An earthquake measuring 6.8 on the Richter scale occurred overnight close to the prospect during the survey, with its epicenter over the border in Iran.  Aftershocks persisted for 90 seconds every 5 minutes or so over several days and obliterated the data.  There was no physical evidence of the aftershocks at the recorder, but it could be seen clearly on the RT System 2 data displays.  Consequently, the crew was able to cease operations as the aftershocks occurred, avoiding acquiring data that otherwise would have been swamped by noise (Image 4).

At times, there was artillery fire from ISIS and/or Peshmerga forces at a distance of 25-30 km from the survey area.  As with the earthquake aftershocks, the bombardments could not be heard or physically sensed at the recorder or on the line, but could be seen distinctly on RT System 2 data displays.  Real-time QC enabled the noise to be monitored and the acquisition suspended and restarted as required (Image 5).

The lower weight and volume of cable-free systems reduces transportation costs and effort.  Contractors using RT System 2 consistently enjoy reduced headcount on the crew, with consequent reductions in camp size, the number of vehicles on the crew, and the number of vehicle movements, all of which leads to a significant decrease in the headline HSE exposure of the crew.  Since the equipment can be re-deployed more efficiently because of its high mobility, fewer channels are required on the crew, resulting in a reduction of capital costs.

In conclusion, the constant QC gives the observer the tools to know when to start and stop acquisition to optimize data quality and avoid the pitfalls of nodal systems.  RT System 2 crews have lower headcounts that reduce carbon and environmental footprints.  Most important of all, operational expenses are minimized, which is just what the industry needs in this "new normal" pricing climate.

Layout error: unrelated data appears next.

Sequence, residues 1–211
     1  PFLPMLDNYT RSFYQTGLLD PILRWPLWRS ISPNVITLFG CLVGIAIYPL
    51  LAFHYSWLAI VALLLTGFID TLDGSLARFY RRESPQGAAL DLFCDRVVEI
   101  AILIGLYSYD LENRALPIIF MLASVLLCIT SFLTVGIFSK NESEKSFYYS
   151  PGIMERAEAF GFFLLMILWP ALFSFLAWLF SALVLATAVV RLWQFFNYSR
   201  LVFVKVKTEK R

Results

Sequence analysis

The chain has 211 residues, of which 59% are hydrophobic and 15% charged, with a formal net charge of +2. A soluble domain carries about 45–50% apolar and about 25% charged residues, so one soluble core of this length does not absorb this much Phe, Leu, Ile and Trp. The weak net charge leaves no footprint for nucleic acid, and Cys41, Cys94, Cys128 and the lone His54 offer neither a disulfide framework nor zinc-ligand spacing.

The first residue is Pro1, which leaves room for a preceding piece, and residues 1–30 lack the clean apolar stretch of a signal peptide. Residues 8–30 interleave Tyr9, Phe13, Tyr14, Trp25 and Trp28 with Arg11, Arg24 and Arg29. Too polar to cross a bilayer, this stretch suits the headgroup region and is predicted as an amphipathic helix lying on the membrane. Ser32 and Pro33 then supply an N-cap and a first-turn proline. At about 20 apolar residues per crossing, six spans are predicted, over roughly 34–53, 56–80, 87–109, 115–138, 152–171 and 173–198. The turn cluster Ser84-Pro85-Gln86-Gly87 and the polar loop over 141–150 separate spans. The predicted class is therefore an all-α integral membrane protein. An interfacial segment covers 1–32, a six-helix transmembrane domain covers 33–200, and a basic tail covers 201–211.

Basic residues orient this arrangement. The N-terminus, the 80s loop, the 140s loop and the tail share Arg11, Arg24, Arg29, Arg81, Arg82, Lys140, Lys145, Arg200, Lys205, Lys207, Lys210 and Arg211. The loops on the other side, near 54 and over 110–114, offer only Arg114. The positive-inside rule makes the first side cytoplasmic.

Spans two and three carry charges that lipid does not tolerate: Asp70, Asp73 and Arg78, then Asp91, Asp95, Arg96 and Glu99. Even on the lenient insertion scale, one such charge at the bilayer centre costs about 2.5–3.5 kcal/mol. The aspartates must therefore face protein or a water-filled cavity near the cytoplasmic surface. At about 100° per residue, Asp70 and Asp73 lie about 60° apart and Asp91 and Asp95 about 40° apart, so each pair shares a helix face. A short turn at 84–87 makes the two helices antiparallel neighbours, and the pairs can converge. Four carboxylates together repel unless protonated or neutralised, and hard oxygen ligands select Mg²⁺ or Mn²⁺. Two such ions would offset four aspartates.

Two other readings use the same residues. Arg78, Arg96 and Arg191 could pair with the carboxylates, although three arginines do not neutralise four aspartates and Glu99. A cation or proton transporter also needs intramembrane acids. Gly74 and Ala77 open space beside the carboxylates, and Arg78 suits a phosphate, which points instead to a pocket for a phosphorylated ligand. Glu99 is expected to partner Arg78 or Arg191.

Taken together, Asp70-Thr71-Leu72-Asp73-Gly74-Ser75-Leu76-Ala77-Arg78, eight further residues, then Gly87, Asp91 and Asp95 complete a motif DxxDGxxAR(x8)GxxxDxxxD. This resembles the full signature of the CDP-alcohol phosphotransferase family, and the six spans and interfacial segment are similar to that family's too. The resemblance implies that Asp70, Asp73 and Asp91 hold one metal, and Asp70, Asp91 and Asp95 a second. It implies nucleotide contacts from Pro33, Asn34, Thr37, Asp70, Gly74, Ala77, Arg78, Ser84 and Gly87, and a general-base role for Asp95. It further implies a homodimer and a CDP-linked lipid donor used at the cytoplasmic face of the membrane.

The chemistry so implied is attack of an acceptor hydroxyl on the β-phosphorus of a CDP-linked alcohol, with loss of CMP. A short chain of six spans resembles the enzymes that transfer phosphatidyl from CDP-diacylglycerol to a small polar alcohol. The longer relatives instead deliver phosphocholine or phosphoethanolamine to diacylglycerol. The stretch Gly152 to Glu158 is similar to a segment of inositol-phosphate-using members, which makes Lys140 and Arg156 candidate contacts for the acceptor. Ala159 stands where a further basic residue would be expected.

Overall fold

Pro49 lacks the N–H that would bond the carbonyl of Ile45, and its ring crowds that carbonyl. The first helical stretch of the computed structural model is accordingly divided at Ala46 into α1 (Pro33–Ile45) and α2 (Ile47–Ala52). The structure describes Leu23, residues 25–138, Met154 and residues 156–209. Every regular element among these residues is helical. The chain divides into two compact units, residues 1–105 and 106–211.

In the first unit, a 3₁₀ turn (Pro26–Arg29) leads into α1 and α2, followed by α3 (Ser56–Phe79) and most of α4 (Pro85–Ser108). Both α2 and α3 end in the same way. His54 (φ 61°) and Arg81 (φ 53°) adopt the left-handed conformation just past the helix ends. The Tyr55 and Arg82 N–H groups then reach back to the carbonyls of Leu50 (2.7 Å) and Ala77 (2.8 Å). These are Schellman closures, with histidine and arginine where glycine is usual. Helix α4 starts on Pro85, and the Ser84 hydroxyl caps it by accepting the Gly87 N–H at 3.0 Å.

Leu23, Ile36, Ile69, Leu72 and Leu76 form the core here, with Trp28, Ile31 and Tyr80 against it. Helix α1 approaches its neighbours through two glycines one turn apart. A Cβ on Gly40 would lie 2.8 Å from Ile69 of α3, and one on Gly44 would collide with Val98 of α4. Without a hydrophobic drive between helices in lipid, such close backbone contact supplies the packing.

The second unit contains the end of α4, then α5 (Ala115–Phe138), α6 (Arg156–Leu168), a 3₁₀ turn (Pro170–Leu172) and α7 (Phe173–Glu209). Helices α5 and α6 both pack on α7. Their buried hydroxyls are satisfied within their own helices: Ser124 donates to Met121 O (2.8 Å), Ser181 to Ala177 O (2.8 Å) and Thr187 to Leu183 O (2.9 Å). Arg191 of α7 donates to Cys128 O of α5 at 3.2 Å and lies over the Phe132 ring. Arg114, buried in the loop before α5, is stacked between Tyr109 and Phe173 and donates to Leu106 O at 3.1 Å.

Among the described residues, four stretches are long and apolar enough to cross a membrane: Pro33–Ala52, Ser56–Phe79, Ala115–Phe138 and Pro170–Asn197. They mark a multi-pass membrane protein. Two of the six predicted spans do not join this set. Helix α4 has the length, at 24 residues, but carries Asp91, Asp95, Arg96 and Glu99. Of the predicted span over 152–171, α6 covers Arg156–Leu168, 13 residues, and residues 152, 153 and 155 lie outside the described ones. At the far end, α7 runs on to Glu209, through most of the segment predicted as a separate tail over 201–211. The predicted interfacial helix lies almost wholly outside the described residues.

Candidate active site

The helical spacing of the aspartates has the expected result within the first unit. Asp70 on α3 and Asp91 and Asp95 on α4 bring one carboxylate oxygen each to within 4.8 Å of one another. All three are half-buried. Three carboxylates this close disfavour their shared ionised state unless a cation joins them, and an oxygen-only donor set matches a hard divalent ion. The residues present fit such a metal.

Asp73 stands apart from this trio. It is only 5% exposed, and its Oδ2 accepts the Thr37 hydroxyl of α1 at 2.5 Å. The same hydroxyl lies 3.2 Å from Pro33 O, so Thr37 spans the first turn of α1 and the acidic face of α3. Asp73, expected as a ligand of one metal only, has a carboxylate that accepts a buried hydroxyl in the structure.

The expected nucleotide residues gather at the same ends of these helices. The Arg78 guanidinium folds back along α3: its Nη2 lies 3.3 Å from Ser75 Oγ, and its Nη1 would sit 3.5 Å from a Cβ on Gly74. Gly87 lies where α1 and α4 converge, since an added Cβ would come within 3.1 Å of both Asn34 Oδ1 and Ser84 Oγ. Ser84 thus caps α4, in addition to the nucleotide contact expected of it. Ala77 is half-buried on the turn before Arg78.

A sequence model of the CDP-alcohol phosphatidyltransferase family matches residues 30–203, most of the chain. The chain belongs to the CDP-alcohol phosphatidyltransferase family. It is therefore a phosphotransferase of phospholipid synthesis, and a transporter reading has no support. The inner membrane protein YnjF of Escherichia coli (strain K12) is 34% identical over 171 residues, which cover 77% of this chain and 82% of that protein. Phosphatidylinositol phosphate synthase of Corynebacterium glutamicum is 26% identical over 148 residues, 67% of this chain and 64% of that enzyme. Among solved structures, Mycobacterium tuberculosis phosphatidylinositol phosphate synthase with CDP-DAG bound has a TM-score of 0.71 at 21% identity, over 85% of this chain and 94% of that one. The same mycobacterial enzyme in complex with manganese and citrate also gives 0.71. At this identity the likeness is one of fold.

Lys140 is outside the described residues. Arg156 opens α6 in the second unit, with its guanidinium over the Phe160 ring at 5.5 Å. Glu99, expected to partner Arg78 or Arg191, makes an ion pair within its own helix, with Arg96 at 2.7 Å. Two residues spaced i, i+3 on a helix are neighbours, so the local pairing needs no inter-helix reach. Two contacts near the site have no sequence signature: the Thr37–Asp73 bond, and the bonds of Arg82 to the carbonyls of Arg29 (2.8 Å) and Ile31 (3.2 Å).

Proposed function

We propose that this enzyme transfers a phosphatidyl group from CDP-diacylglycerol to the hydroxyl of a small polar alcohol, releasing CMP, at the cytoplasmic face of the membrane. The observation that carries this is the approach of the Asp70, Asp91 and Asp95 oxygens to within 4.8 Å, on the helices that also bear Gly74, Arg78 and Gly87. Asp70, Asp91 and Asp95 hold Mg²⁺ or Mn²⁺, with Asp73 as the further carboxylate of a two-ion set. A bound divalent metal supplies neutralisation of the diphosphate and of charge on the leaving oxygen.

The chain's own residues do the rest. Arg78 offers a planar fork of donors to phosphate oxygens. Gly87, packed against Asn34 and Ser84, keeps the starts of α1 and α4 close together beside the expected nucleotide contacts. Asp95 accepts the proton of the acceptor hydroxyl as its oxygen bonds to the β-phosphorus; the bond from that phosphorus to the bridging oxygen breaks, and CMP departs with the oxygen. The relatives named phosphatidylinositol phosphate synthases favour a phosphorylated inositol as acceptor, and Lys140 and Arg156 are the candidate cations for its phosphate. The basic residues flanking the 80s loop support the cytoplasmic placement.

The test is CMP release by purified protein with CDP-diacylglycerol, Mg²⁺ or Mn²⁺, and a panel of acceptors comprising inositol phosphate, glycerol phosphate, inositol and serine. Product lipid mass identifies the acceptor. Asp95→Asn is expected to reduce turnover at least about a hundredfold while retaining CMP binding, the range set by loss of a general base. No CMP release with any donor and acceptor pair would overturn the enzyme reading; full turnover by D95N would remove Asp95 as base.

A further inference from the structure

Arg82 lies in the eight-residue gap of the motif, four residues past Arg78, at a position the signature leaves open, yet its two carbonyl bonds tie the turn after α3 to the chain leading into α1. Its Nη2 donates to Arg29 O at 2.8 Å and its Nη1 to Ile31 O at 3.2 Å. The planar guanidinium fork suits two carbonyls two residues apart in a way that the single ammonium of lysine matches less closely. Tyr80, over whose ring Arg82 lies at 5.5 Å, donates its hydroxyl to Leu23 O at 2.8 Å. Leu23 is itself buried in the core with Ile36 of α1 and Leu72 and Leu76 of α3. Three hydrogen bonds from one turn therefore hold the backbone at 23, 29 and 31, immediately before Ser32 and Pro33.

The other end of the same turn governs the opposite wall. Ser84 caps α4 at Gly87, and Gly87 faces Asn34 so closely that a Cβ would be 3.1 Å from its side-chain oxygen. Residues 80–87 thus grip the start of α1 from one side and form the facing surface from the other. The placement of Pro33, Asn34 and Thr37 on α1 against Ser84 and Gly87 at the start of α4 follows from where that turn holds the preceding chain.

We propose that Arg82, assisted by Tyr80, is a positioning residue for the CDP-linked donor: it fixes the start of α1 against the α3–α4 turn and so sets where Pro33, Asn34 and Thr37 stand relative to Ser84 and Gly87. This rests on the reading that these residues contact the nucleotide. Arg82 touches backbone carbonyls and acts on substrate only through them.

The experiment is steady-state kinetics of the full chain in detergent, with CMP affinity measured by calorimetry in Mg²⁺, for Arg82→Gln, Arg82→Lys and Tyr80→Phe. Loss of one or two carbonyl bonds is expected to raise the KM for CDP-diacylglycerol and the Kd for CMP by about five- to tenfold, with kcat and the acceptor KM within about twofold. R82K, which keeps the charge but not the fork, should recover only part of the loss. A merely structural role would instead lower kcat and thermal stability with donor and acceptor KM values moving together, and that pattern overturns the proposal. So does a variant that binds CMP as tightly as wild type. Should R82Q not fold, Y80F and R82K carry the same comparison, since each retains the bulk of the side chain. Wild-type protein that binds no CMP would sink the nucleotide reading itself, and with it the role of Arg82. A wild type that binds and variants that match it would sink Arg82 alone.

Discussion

EAGE Vienna Edition, May 2016 

Atlas Geophysics expands RT System 2 acquisition system — Atlas Geophysics, LLC, based in Newcastle, Texas, recently expanded their RT System 2 to facilitate the acquisition of large-channel-count 3D seismic surveys.  "At the close of two full years of operations using RT System 2, we have been able to consistently operate with almost 25% few personnel than were used with the previous system," states Griffin Phillips, Owner of Atlas Geophysics.

GALLEGO TECHNIC Geophysics purchases RT System 2 — GALLEGO TECHNIC Geophysics, based in Aurignac, France, purchased RT System 2 to use for 2D/3D seismic surveys for geothermal prospecting, oil and mineral resources exploration, and civil construction (tunnels, metro stations, etc.) throughout Western Europe.  "We work mainly in urban areas and wanted a wireless system with a highly developed infrastructure to allow us to quickly deploy and pick up the equipment with minimal manpower," states Pierre Gallego, Director of GALLEGO.

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New Year Edition, February 2016 

- Wireless Seismic remains optimistic despite industry slump 
- Yug-Neftegaz purchases RT System 2 
- Bay Geophysical expands acquisition system 
- West Bay Geophysical acquires additional channels 

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SEG 2015 New Orleans Edition, September 2015 

- Looking beyond capital costs to see true cost of ownership — Low oil prices have forced our industry to take a look at the cost of doing business and to adjust quickly to a "new normal." 
- SINOPEC purchases RT System 2
- Elnusa purchases RT System 2 
- Wireless Seismic and FairfieldNodal settle lawsuit